New Clot Preventer Saves Lives and Money

Drug given faster, with fewer complications during artery-opening procedures

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HealthDay Reporter

TUESDAY, Aug. 10, 2004 (HealthDayNews) -- A new anti-clotting drug for people having artery-opening procedures lowers the rate of complications, gets patients out of the hospital faster, and probably saves lives, a study finds.

And it saves money to boot, says Dr. A. Michael Lincoff, a professor of medicine at the Cleveland Clinic and lead author of a report on the trial, which appears in the Aug. 11 issue of the Journal of the American Medical Association.

That report described how heart patients who underwent procedures such as angioplasty did in the year after they were given either the new drug, bivalirudin, or conventional drug treatment to prevent the clots that are a major problem in the artery-opening game.

A year after the 6,010 patients in the trial were treated, the incidence of heart attacks among those who got bivalirudin was 7.4 percent, compared to 8.4 percent for those who got the clot-preventing treatment, consisting of heparin and a drug whose complicated name is abbreviated Gp IIb/IIIa, the report said. The incidence of complications caused by excess bleeding was 40 percent lower in the bivalirudin group.

Repeat artery-opening operations were necessary for 11.4 percent of the bivalirudin patients and 12.1 percent of the heparin-Gp IIb/IIIa patients. And 2.46 percent of the patients getting the combined therapy died, compared to 1.89 percent of those getting bivalirudin -- a difference that did not quite reach statistical significance but is regarded as significant by cardiologists who took part in the study.

"The mortality part of the trial was extraordinarily impressive," said Dr. Frederick Feit, director of interventional cardiology at the New York University School of Medicine. "Every single subset of patients you look at, the result in terms of mortality are better for bivalirudin."

One major advantage of the new treatment, Lincoff said, is that it can be given much quicker than the standard treatment. The heparin-Gp IIb/IIIa combination must be infused for 12 to 18 hours, while bivalirudin treatment takes just 44 minutes, he said.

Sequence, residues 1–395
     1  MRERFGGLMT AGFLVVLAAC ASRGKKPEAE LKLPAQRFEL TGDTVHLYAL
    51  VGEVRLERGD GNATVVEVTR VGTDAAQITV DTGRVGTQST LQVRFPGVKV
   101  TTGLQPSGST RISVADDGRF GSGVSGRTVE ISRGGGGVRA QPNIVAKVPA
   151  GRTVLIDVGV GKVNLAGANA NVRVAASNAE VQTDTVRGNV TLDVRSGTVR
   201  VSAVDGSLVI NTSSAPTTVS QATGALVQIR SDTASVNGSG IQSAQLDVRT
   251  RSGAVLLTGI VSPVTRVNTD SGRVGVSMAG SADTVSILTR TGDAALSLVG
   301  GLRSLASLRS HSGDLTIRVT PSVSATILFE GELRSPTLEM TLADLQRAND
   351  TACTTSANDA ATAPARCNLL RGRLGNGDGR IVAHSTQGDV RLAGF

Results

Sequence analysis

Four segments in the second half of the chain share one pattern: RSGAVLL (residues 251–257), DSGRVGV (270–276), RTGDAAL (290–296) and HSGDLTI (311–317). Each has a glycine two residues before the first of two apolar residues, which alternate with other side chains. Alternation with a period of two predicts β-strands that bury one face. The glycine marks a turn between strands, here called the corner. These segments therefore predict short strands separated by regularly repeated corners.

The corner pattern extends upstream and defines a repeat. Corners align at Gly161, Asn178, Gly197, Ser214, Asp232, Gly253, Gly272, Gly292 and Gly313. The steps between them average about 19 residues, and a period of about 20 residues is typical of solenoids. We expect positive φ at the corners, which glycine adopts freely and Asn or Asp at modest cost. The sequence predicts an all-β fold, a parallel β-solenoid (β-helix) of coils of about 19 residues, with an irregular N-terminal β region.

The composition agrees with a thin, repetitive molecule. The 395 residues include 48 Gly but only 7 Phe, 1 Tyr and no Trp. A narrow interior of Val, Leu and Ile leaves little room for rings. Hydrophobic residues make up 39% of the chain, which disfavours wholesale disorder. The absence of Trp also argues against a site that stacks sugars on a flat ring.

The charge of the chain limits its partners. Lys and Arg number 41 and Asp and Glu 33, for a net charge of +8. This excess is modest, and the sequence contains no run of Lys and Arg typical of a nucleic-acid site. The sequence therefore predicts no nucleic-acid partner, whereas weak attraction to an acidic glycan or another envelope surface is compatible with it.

"The infusion time is so short that you can get out of bed sooner and out of the hospital sooner," Lincoff said. That often means a patient need not stay in the hospital overnight, he noted.

And unlike most new drugs, bivalirudin is a money-saver, Lincoff and Feit said. One reason is that it costs much less than Gp IIb/IIIa. Another is that it reduces incidence of bleeding complications, which are costly to treat. A third is that hospital costs are lowered by getting patients home sooner.

The current estimate is that bivalirudin saves about $374 per patient, Feit said.

"We now use it in probably 99 percent of our patients," he said. The one group that is more likely to get the old clot-preventing therapy consists of high-risk patients those with complicating conditions such as diabetes.

Lincoff is being more cautious. "I use it 60 to 70 percent of the time," he said. He said he is waiting for the results of an ongoing trial with high-risk patients before expanding its use to them.

Nationwide, Lincoff said, "no one knows the exact numbers, but its use is up to about 30 percent of patients and is growing."

More information

Get a primer on angioplasty from the American Heart Association.

SOURCES: A. Michael Lincoff, M.D., professor, medicine, Cleveland Clinic; Frederick Feit, M.D., director, interventional cardiology, New York University School of Medicine, New York City; Aug. 11, 2004, Journal of the American Medical Association

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